Inflation falls to zero on high street

Inflation of non-food goods has dropped to zero, according to new figures from the British Retail Consortium (BRC) – but experts have warned that consumers are still unlikely to be in a position to spend enough to give the economy a boost.

Overall shop price inflation fell to 1.4 per cent in January from 1.7 per cent in December – the lowest in almost two years.

Food inflation dropped to 3.7 per cent in January from 4.2 per cent the previous month and to its lowest level since July 2010, bringing welcome relief for shoppers who have seen a significant rise in the cost of their weekly shop in the past months.

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Within that, clothing, furniture and electrical goods were cheaper than 12 months ago, with the price of electricals falling at its fastest rate for three years.

“Shoppers are indicating that they still need to economise on spending in 2012,” said Mike Watkins, senior manager of retailer services at Nielsen, which co-authored the report with the BRC. “With retail sales after Christmas off to a slow start, food retailers in particular continued to offer savings in January with price cuts and promotions on everyday items being used across the industry.

“These initiatives, as well as the underlying slowing of inflation and the annualisation of the VAT increase, are bringing shop prices down and closer to the historical levels we have seen over the last few years.”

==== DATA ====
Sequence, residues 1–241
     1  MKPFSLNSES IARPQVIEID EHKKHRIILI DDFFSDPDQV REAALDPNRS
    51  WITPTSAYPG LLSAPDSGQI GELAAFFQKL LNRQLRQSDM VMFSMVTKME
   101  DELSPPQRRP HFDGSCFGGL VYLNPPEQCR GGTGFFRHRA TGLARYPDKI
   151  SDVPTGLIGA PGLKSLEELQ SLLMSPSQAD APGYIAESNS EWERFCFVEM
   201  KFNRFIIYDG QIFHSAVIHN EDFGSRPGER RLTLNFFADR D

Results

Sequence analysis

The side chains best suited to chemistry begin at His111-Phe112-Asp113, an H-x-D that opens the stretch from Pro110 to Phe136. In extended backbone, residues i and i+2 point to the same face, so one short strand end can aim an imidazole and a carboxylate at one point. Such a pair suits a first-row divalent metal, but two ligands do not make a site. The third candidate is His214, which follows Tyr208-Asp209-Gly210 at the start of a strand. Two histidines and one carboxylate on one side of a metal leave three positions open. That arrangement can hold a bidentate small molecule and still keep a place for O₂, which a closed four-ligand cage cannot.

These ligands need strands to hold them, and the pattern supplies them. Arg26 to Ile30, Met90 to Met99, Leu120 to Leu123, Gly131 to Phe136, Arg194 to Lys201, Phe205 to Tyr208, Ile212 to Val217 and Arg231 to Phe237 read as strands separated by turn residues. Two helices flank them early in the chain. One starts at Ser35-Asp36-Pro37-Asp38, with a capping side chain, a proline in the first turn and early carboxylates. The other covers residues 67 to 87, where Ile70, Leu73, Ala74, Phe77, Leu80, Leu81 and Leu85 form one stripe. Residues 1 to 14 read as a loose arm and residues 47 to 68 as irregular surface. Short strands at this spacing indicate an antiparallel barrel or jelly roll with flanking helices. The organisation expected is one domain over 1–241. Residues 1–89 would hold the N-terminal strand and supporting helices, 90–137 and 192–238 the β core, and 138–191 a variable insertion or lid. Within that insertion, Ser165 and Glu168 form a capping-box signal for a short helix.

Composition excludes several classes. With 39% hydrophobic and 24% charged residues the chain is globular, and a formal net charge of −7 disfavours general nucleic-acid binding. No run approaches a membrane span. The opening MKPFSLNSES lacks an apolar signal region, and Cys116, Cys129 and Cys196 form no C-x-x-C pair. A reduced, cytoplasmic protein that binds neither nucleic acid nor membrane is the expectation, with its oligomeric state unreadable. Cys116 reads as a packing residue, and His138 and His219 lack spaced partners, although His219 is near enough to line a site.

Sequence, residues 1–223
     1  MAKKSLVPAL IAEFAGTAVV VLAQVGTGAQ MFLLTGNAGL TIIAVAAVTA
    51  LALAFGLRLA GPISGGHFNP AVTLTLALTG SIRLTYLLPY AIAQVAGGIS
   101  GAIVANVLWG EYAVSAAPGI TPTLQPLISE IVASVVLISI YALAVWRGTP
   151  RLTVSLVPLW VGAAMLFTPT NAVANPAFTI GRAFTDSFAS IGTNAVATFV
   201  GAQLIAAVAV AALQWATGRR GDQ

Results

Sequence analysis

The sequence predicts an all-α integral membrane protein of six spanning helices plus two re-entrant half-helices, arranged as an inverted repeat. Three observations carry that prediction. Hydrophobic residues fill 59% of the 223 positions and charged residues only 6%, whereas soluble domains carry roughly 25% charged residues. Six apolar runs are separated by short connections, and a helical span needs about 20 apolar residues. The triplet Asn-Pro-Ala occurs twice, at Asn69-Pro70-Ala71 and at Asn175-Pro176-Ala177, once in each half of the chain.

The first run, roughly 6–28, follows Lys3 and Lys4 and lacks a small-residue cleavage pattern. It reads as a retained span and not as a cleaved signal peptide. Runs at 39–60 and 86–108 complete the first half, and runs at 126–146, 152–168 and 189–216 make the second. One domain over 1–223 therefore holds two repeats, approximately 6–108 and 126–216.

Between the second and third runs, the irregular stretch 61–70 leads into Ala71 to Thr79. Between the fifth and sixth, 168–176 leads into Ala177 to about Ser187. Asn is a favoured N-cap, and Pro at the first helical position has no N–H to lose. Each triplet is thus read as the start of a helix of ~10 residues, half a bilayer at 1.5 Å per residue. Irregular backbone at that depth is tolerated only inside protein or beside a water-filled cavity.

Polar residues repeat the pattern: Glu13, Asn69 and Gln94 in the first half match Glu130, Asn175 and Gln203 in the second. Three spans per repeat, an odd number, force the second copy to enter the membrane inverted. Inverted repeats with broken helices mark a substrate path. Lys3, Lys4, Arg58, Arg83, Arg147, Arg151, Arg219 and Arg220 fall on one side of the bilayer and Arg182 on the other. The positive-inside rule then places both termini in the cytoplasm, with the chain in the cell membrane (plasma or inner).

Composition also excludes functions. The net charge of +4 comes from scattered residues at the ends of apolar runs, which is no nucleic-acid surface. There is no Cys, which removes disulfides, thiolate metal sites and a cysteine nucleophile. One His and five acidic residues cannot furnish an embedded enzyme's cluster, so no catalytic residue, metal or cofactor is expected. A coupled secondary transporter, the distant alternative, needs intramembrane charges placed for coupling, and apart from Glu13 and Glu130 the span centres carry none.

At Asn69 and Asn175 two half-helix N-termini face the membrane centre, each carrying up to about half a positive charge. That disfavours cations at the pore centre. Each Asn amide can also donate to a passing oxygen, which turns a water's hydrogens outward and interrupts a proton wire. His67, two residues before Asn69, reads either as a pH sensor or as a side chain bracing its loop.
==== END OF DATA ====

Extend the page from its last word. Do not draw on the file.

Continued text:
VAT is at 20 per cent, raised by the government last January in a bid to boost tax revenues to cut the budget deficit.

“With the impact of the 2011 VAT rise finally gone from annual comparisons, these figures show how retailers are holding down prices for customers despite a range of upward pressures,” said Stephen Robertson, BRC director general.

“Food price inflation continues to come down and is now the lowest it’s been since July 2010, thanks to discounting and cheaper commodity costs working through.”

He added: “Further falls in the official rate of inflation, which are expected during the coming months, should be a boost to customers’ budgets and, crucially, should help to improve consumer confidence. For there to be any significant improvement in retailers’ fortunes in the coming year it’s essential that people feel better about their personal finances and become more willing to spend.”

The price of electrical goods fell at its fastest rate for three years, plummeting by 4.9 per cent. The cost of clothing and footwear fell in January by four per cent, while furniture and floor coverings dropped marginally – by 0.3 per cent.

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Only the inflation rate in the health and beauty category rose compared to December, while DIY, gardening and hardware and miscellaneous goods saw a slowing in their inflation rates.

Howard Archer, chief UK economist at IHS Global Insight, warned that consumer confidence would continue to wane over the coming year.

“Even allowing for the fact that the year-on-year growth rates in retail sales values in January 2012 suffered from sales in January 2011 being lifted by people making up for restricted access to the shops in December 2010 due to severe weather, this is a soft performance which suggests that the economy cannot expect much help from the consumer as it tries to return to growth in the first quarter of 2012,” he said.

“It is hard to be optimistic over the prospects for consumer spending in the early months of 2012 at least,” he added.